SCU 160 also advantageously includes a programmable memory 164 for storing a set(s) of data, stimulation, and control parameters. This feature allows electrical and/or drug stimulation to be adjusted to settings that are safe and efficacious with minimal discomfort for each individual. Specific parameters may provide therapeutic advantages for various conditions that benefit from modulation of circulatory perfusion. For instance, some patients may respond favorably to intermittent stimulation, while others may require continuous treatment for relief. Electrical and drug stimulation parameters are preferably controlled independently, e.g., in the preferred embodiment of continuous electrical stimulation and no drug stimulation. However, in some instances, they are advantageously coupled, e.g., electrical stimulation may be programmed to occur only during drug infusion.
 In addition, parameters may be chosen to target specific neural populations and to exclude others, or to increase neural activity in specific neural populations and to decrease neural activity in others. For example, relatively low frequency neurostimulation (i.e., less than about 50-100 Hz) typically has an excitatory effect on surrounding neural tissue, leading to increased neural activity, whereas relatively high frequency neurostimulation (i.e., greater than about 50-100 Hz) typically has an inhibitory effect, leading to decreased neural activity. Furthermore, neurotransmitters may be administered to target the inhibition or excitement of sympathetic or parasympathetic tissue, as described earlier.
 The preferred SCU 160 also includes a power source and/or power storage device 166. Possible power options for a stimulation device of the present invention, described in more detail below, include but are not limited to an external power source coupled to the stimulation device, e.g., via an RF link, a self-contained power source utilizing any means of generation or storage of energy (e.g., a primary battery, a rechargeable battery such as a lithium ion battery, an electrolytic capacitor, or a super- or ultra-capacitor), and if the self-contained power source is replenishable or rechargeable, means of replenishing or recharging the power source (e.g., an RF link, an optical link, a thermal link, or other energy-coupling link).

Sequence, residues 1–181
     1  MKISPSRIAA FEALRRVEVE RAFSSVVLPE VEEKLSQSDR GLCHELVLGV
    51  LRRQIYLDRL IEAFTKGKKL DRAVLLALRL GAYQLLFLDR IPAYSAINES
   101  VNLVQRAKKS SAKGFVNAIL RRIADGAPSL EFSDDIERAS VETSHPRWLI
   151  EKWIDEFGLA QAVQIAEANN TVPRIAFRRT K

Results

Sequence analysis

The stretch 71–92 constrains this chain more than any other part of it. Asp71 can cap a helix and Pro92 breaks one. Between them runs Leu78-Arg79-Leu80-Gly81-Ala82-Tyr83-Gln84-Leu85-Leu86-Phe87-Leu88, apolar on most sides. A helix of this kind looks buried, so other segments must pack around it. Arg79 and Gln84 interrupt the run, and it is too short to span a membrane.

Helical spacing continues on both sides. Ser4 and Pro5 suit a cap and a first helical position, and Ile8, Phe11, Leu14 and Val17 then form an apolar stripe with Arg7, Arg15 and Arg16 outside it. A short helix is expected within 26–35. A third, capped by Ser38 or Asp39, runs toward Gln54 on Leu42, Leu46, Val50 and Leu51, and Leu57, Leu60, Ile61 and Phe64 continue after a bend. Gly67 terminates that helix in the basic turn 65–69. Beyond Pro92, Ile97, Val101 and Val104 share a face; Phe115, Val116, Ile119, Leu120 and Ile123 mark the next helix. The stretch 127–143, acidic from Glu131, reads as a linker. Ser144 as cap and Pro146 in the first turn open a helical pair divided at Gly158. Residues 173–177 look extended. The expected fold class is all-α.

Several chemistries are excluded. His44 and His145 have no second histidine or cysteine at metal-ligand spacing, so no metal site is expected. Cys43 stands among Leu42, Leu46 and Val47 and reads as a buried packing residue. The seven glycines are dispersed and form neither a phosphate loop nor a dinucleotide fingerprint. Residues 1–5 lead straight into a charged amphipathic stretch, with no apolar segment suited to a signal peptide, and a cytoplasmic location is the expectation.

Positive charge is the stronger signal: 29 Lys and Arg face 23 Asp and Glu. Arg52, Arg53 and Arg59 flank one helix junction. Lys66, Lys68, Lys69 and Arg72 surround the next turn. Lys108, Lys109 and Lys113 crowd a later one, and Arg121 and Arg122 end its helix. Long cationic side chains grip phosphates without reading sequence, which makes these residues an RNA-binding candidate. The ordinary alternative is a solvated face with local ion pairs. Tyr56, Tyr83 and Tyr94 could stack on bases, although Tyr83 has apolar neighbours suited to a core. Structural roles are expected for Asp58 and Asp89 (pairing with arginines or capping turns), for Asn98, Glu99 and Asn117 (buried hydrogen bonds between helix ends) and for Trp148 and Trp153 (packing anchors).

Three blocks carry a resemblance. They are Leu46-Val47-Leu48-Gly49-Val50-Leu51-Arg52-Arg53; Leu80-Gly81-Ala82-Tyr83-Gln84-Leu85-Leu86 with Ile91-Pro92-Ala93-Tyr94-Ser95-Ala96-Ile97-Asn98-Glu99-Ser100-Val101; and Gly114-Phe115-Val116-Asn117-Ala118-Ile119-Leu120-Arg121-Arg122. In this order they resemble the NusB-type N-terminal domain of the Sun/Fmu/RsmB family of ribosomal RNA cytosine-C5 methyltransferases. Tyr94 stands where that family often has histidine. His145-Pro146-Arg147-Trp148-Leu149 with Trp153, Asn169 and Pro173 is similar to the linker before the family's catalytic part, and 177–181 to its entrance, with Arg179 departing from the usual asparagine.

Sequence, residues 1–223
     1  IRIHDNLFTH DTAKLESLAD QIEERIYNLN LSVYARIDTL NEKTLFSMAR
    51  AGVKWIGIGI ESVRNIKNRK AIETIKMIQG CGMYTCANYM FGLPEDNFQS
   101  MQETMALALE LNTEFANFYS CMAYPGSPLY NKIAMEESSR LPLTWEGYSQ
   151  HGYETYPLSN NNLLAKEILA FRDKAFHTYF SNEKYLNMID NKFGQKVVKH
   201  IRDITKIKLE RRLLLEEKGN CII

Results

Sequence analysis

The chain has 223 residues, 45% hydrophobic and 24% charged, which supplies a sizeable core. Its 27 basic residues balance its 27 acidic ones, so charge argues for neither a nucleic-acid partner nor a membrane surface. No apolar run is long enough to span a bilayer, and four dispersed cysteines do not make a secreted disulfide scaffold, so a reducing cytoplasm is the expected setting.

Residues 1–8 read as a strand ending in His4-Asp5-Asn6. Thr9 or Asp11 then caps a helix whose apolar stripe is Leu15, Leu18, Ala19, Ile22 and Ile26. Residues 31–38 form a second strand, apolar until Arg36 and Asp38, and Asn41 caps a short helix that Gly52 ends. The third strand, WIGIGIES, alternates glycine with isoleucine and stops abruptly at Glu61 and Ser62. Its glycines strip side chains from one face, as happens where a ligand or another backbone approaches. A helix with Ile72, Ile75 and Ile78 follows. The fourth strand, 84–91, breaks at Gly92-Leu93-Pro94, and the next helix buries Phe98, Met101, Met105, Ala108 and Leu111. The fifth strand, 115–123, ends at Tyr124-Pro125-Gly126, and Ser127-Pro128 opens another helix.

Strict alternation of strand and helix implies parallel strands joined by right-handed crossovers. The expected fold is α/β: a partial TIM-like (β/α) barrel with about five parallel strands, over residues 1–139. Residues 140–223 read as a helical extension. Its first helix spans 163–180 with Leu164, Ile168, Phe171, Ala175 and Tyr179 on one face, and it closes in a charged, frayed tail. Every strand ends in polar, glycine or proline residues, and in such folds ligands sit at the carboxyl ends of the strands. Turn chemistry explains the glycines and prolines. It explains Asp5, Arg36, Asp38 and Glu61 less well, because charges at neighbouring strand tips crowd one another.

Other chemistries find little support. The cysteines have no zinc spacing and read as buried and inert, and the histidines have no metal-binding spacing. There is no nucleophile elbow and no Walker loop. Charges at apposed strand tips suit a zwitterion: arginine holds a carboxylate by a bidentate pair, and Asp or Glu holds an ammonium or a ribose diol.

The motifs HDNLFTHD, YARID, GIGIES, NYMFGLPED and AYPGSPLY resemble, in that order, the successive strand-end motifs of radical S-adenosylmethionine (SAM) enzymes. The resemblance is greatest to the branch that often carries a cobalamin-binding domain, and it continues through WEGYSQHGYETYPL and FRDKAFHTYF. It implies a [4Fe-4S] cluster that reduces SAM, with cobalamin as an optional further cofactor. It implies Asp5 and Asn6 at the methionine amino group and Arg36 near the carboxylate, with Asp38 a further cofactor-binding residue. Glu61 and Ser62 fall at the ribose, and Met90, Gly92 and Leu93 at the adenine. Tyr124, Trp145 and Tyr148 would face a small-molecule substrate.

In one preferred embodiment shown in FIG. 5, SCU 160 includes a rechargeable battery as a power source/storage device 166. The battery is recharged, as required, from an external battery charging system (EBCS) 192, typically through an inductive link 194. In this embodiment, SCU 160 includes a processor and other electrical circuitry 154 that allow it to generate stimulation pulses that are applied to a patient 208 through electrodes 172 and/or outlet(s) 182 in accordance with a program and stimulation parameters stored in programmable memory 164. Stimulation pulses of drugs include various types and rates of infusion, such as intermittent infusion, infusion at a constant rate, and bolus infusion.